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I have written the public works department, mayor and commissioners about the new water rates. Public works response was like in the Tribune article May 3. There has been discussion on various public forums including letters to the editor and yet still little to no response from city commissioners. During the next election cycle this should and will be remembered.

The city hired an outside consulting firm to study water usage and their results were to penalize those using the water to keep the city looking green by raising residential water rates. The raise in rates during some months are close to 100% for many − which is certainly out of line by almost anyone’s standards. Especially as the rate increase is only on residential water use, not applicable to commercial use, schools or parks.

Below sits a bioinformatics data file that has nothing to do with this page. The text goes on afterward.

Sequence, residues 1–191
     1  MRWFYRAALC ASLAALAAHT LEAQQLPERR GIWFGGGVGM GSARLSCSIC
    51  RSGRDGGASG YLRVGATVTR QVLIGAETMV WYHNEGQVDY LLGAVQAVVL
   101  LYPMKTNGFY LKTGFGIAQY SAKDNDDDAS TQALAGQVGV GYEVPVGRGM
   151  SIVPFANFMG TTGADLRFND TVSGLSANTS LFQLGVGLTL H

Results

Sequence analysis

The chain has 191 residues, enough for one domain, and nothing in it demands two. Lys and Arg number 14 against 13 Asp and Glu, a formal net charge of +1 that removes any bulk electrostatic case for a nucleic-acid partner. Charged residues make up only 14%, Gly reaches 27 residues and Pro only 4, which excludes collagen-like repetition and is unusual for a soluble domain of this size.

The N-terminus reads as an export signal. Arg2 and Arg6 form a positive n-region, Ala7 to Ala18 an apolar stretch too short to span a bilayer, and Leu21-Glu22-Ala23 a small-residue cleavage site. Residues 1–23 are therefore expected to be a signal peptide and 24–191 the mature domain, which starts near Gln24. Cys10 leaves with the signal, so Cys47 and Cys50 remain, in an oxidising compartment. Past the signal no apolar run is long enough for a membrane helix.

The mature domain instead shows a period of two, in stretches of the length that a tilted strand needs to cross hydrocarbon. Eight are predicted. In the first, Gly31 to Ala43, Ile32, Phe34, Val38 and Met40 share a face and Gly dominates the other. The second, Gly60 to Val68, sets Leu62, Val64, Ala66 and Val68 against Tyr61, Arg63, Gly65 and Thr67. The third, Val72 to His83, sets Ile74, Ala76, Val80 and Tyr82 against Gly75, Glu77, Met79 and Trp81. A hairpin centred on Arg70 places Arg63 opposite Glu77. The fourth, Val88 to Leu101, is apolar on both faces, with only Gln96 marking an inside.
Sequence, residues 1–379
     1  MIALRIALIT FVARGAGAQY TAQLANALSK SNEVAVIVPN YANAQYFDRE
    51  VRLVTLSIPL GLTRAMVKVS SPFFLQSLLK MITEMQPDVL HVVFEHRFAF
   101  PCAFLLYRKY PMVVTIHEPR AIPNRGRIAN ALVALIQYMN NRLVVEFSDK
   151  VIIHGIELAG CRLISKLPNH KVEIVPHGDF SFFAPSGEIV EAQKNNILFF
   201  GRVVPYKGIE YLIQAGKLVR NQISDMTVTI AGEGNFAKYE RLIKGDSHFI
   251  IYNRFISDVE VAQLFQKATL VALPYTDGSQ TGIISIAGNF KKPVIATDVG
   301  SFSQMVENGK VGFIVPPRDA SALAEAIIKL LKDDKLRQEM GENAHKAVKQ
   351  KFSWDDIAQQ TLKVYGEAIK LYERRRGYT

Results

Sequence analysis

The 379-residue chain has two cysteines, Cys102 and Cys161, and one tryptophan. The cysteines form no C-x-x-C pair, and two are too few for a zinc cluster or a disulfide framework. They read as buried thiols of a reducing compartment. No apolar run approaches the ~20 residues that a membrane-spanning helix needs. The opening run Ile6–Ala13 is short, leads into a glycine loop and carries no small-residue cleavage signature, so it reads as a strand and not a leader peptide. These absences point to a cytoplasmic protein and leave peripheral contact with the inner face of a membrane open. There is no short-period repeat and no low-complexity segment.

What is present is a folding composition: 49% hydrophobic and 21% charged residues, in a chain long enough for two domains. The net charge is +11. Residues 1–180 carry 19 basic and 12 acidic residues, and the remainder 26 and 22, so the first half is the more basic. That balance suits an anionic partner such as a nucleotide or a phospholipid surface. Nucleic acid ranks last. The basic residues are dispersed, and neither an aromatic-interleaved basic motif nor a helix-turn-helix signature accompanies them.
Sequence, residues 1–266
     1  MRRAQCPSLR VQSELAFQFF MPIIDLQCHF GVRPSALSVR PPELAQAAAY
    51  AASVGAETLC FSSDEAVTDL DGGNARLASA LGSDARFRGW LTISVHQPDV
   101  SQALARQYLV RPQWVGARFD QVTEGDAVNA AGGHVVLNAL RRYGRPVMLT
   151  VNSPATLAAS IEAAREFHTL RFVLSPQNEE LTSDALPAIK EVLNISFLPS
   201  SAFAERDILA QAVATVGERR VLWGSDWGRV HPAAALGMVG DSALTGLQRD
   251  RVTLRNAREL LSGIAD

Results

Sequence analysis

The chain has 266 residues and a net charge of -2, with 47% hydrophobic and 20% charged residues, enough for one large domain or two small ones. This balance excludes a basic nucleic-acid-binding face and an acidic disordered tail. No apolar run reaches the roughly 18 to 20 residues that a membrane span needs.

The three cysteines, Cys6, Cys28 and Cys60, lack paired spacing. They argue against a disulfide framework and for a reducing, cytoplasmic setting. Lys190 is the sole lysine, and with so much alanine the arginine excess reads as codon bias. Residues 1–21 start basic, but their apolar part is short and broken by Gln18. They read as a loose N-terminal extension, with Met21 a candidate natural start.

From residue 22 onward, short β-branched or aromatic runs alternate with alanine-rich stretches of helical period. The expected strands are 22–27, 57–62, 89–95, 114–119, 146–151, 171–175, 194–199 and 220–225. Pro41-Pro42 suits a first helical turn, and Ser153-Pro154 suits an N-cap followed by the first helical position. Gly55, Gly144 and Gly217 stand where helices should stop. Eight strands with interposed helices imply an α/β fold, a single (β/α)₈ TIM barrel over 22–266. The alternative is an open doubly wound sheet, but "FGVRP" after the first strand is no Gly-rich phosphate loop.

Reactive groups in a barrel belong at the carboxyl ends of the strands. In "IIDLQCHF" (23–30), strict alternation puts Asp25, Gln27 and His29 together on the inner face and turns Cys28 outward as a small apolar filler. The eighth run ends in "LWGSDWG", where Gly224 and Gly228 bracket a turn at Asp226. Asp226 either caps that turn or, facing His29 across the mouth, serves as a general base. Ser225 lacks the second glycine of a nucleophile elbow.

The city’s response is the high water users during these months should be penalized as they need to have infrastructure to handle this increased usage. Potential commercial and residential growth, along with firefighting needs, must all be addressed more accurately when engineering and managing water supply infrastructure. It appears there has been some mismanagement and engineering failures when evaluating the water supply system.

Also, as reported in a previous Tribune article and again on June 15, there now is a problem with minerals and sediment in the water. I recently had to replace my hot water heater PT relief valve and found my 5-year-old water heater is full of sediment. I encourage you to look at your plumbing fixtures, such as faucet filters and hot water heaters.

If there is a need to correct the infrastructure and mineral issues, the water rates should be addressed with all users, and in increments that are affordable. Hawk, I will sign your petition. 

Hal Lyson, Bismarck

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